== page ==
The Kimberley Process is flawed, but it still serves an important role for the world and the jewelry industry. If it continues to evolve, it can become a better process over time.
Many people think the Kimberley Process is an initiative of the diamond industry. But in fact, it is an initiative formed by a United Nations General Assembly Resolution (55/56), intended to get governments to endorse and perform a system of warranties created by the World Diamond Council (WDC). Currently, 82 countries are members.
In order to be a participant in the Kimberley Process, each government must "ensure that any diamond originating from the country does not finance a rebel group or other entity seeking to overthrow a UN-recognized government, that every diamond export be accompanied by a Kimberley Process certificate and that no diamond is imported from, or exported to, a non-member of the scheme." And, as is common in agreements between governments, each government carefully monitors its own priorities and objectives, and doesn't always tell the truth. In addition, the World Diamond Council has not always been transparent about the inherent deficiencies of the Kimberley Process, leading to extensive criticisms of the initiative and its portrayal to consumers. All this means that progress is slow, often highly self-interested, and sometimes takes a step back for each two steps forward.
The current form of the Kimberley Process does not fully address the human or environmental impact of diamond mining, nor does it adequately address traceability. Recent technological progress in blockchain technology is making it possible to trace individual materials (for example, if you want to know where the tomato you are eating came from and when it was picked, that's possible today, but it wasn't in 2003 when the Kimberley Process began).
But flawed doesn't mean worthless. The extractives industry in Africa has a torrid history of colonialization, wars, and corruption that goes back hundreds of years. In other words, it's messy. Very messy. Messy human problems take time and patience to change, and must be solved in the context of each participating country's current social, political, and economic set of realities (diamonds aren't their only concerns). So the fact that these governments continue to engage in discussion and progress is very positive. The Kimberley Process has led to improvements, and will continue to support positive change over time. But it should be viewed as only one part of a worldwide effort to clean up jewelry supply chains.
What jewelry industry members must do is remember that the process is imperfect, and that simply asking diamond suppliers if they are KPCS compliant is not the same thing as being a responsible sourcer of diamonds. It is a good step, but insufficient on its own to meet the human and environmental responsibilities we bear as an industry.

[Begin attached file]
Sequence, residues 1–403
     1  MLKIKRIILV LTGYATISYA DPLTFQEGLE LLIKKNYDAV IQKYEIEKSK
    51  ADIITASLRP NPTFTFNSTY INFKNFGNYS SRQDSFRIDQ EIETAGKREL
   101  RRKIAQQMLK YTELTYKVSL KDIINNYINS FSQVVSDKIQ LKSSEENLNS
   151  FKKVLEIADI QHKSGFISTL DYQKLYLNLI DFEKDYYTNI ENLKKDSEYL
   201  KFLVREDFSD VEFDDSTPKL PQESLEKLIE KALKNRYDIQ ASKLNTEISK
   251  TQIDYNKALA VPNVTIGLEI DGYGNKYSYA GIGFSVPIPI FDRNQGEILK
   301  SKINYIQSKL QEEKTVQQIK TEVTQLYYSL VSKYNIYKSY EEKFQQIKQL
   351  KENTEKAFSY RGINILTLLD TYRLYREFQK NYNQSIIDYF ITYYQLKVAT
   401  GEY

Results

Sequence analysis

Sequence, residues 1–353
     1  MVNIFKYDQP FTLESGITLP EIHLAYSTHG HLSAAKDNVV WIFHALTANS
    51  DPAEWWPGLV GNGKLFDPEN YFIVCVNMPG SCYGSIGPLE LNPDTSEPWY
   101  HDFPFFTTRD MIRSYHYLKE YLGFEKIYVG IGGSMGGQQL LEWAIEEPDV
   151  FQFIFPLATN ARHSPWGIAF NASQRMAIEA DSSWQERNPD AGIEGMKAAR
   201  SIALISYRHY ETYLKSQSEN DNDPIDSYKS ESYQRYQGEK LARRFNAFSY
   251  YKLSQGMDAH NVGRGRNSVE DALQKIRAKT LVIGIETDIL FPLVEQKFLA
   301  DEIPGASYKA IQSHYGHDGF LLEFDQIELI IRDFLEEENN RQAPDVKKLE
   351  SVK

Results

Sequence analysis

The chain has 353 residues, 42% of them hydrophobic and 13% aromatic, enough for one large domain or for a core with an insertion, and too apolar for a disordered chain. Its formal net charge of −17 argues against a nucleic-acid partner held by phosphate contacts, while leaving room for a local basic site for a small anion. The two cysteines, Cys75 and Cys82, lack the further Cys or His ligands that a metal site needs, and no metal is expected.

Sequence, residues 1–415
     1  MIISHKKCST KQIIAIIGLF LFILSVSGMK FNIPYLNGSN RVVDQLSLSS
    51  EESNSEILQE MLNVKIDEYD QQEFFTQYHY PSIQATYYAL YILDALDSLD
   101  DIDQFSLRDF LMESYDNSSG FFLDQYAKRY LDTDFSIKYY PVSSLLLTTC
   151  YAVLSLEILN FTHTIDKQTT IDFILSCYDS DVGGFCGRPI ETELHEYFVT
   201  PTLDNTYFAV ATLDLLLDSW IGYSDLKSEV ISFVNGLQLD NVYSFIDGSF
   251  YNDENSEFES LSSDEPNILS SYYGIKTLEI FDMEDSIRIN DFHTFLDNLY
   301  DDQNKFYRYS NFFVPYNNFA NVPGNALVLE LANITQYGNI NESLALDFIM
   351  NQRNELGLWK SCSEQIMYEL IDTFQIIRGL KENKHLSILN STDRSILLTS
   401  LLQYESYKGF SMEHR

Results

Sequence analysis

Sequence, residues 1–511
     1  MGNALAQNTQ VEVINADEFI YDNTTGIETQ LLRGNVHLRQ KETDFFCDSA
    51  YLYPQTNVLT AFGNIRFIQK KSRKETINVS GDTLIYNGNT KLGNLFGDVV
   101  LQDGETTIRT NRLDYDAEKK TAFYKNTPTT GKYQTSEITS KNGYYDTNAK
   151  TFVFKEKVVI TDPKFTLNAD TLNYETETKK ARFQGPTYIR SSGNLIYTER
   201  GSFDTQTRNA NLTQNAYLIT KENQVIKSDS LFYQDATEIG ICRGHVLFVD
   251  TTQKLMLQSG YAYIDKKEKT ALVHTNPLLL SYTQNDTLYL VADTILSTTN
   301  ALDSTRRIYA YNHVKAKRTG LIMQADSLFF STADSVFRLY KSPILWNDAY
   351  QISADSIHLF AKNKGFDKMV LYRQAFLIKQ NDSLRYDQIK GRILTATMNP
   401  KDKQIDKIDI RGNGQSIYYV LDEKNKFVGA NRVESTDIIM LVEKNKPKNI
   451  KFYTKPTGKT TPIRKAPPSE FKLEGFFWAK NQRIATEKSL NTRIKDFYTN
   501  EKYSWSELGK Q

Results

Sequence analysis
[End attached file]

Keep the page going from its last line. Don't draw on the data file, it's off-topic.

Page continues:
According to a press release from the WDC on April 4, 2019, "Expanding the scope of the Kimberley Process to include issues related to human rights and labor relations will help create conditions in which Sub-Saharan Africa's artisanal diamond miners can meet their economic potential, and so support the development of their countries' economies." This was said by Marie-Chantal Kaninda, Executive Director of WDC, at the Forum of the Africa-Belgium Business Week on April 3, 2019 in Belgium.
WDC's push to add human rights and labor relations to the Kimberley Process is important. The Kimberley Process cannot ever be better than the combined efforts of its member countries. But the effort to keep the conversation alive and progressing is well worth our support, and addressing human rights and labor relations answers a long-time criticism of the Kimberley Process's effectiveness.
The Forum was organized by Africa Rise, a Belgian organization that promotes Africa's economic and social emergence through contacts between its entrepreneurs and their counterparts from other parts the world. The guests of honor at the forum were Faustin Archange Touadera, President of the Central African Republic (CAR), and Charles Michel, the Belgian Prime Minister.
CAR is still under suspension from the Kimberley Process. But in February 2019, the CAR government signed a peace agreement with 14 rebel groups, ending a seven-year civil war. According to Ms. Kaninda, the WDC is optimistic "that the end of the conflict will precipitate better prospects for the African nation. "We believe that through the implementation of the peace process, the CAR will be able to resume the unrestricted export of rough diamonds, supported by the Kimberley Process Certification System, and, paraphrasing the President, help turn the CAR resolutely towards its development."
"Although the CAR remains under Kimberley Process suspension, forbidding diamond exports from areas falling outside of the so-called green zones in the western part of the country, from which diamond exports are approved monthly by a monitoring team, its government has been working closely with the Kimberley Process to enable the sale of artisanally-mined alluvial stones. The WDC strongly advocates that the CAR and other countries where artisanal diamond mining is prominent enjoy similar benefits from their production as do other African countries that have seen their economies and nations transformed by the proceeds from diamond sales."